So glad I have the pizza recipie! I have resorted to buying gf frozen pizza and ready mixes for crust. I was a big Papas fan and pizza and doughnuts were my weakness. I am new to the gluten free lifestyle and was a decent baker prior to being gluten free. So, please I could use a little help with technique. Also can it be frozen? And do you pre bake it first or can you leave it in a dough state?

    • The dough is stickier than most regular non gluten free doughs, so it is a little harder to work with, but just be patient with it. I do freeze this after I partially bake it, about 8-10 minutes depending on the size of the pizza. Then I take it out and top it and bake it again.

  7. Carol Fenster’s pizza crust calls for rice flour: . The recipe I use for grilling calls for sorghum flour: Let me know which one you try. Enjoy!

  8. You bet! 🙂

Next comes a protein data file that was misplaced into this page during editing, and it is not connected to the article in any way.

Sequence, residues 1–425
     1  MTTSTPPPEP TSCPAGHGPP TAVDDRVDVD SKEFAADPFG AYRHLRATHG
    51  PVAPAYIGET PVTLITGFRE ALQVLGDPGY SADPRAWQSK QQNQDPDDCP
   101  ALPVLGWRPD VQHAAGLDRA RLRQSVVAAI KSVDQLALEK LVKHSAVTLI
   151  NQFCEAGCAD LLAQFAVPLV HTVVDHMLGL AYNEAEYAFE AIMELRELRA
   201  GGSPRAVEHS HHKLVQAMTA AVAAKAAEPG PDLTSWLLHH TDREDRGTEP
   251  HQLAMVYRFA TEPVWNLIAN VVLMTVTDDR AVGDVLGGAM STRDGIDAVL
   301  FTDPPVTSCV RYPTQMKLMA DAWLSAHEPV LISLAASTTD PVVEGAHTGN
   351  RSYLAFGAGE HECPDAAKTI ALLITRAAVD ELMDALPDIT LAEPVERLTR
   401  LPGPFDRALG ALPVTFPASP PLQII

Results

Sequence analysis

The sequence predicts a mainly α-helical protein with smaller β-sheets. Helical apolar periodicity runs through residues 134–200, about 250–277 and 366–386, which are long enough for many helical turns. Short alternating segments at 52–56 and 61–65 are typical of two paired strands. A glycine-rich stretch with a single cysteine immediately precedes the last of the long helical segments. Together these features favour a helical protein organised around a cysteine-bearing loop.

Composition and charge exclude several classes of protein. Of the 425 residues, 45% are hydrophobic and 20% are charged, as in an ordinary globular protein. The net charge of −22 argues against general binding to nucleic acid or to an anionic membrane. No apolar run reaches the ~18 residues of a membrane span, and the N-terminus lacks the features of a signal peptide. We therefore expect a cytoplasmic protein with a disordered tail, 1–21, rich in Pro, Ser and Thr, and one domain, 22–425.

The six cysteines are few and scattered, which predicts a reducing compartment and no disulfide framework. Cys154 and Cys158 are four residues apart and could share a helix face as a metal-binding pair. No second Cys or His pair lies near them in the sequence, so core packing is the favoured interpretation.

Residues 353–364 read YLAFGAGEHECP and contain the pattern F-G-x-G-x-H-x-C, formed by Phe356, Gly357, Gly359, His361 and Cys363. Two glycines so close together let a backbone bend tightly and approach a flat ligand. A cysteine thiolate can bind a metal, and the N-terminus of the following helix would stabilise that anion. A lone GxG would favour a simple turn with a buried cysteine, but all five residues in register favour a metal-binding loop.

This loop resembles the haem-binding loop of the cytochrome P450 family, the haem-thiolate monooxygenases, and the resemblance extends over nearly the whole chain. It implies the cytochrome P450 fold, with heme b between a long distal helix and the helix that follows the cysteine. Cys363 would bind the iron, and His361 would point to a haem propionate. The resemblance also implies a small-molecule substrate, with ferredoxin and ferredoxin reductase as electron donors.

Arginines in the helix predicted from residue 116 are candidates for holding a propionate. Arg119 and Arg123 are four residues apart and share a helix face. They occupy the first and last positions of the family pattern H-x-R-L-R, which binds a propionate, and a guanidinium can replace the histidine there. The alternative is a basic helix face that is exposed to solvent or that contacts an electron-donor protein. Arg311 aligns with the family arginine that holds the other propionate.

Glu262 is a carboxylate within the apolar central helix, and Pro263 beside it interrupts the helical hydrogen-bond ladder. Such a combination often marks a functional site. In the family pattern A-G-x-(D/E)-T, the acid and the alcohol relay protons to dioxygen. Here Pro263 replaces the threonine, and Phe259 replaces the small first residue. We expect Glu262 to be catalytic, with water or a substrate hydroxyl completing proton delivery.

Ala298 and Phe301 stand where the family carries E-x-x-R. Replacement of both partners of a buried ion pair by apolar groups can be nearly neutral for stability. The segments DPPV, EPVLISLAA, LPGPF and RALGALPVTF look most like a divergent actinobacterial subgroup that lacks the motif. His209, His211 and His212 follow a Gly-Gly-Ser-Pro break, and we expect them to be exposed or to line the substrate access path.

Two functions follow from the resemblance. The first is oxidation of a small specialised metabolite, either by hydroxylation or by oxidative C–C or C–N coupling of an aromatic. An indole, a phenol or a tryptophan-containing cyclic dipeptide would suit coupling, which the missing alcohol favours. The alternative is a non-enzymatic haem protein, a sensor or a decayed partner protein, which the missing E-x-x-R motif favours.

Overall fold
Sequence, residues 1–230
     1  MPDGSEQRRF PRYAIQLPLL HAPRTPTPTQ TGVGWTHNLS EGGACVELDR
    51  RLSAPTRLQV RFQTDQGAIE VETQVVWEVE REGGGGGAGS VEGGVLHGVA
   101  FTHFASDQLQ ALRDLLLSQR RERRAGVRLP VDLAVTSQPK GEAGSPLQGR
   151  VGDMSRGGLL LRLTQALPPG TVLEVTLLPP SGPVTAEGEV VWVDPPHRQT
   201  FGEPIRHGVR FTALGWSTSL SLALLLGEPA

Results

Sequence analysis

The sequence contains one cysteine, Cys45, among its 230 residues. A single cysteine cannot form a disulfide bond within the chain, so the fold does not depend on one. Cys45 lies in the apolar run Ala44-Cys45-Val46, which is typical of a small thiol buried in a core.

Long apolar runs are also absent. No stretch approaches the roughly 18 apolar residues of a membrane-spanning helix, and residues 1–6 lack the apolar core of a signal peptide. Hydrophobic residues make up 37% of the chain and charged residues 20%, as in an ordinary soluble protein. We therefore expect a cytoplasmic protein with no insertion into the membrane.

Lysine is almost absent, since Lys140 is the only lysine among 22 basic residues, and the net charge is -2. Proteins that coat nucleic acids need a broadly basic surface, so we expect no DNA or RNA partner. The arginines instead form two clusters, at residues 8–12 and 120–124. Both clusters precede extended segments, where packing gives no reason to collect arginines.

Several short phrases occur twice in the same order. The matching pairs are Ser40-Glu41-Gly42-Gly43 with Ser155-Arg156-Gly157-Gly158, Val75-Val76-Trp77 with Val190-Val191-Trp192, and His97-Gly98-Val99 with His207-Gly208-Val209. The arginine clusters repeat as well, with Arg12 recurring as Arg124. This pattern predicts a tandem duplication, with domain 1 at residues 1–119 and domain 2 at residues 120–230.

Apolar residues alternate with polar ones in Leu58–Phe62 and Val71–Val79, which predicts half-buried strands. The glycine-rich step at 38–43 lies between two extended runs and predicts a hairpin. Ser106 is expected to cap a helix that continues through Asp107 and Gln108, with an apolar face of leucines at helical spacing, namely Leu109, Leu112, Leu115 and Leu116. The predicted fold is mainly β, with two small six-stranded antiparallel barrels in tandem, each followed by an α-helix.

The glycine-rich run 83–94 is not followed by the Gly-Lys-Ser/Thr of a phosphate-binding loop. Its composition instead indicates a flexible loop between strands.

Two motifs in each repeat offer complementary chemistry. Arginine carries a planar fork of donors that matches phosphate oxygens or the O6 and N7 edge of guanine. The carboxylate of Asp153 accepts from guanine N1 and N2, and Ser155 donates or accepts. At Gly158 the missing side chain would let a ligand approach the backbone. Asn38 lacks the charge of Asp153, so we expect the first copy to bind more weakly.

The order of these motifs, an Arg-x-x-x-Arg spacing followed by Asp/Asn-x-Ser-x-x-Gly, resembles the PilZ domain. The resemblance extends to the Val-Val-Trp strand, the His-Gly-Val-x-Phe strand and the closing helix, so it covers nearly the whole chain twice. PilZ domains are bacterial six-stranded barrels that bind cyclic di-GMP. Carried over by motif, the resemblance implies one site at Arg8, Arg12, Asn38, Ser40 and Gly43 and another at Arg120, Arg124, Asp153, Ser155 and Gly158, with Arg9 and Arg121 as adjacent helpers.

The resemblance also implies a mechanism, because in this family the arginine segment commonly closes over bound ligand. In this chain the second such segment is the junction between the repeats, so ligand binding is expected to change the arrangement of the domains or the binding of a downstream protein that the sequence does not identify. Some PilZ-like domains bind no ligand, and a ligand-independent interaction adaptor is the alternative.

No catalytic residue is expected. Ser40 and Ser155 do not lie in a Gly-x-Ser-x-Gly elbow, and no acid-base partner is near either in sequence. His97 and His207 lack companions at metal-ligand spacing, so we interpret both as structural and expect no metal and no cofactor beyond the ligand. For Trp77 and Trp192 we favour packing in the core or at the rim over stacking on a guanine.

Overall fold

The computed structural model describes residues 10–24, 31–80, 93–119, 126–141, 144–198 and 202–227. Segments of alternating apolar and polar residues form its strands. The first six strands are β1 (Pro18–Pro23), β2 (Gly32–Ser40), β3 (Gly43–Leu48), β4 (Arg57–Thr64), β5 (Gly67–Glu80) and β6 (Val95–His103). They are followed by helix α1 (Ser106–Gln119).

9. Do you grind your own flour or can these be purchased? I have a source for brown rice flour but not the other.

    • I do both. I have a grinder and do some of my own rice flours, but overall I still buy most of my gf flours. I order a lot of mine from amazon or through a food co-op.

  10. I don’t have sweet rice flour…do you think I could substitute brown rice flour for it, or would that be a bad idea?
    I love your site; thank you so much!

  11. In this pizza recipe did you use instant yeast or active dry yeast?
    I appreciate your help, when you have a chance to reply. I have read you are a busy lady.

  12. I’m ready to take the dough out of the bowl, it says wet your hands with wet hands. Do I wet them them with water or oil?

    • I usually just use water to help the dough not stick to my hands. If it is super sticky you can also use gf flour blend too like you would with a regular dough. I hope that helps and that you enjoy it.


  1. […] pizza dough (homemade, store bought, or gluten free pizza crust) […]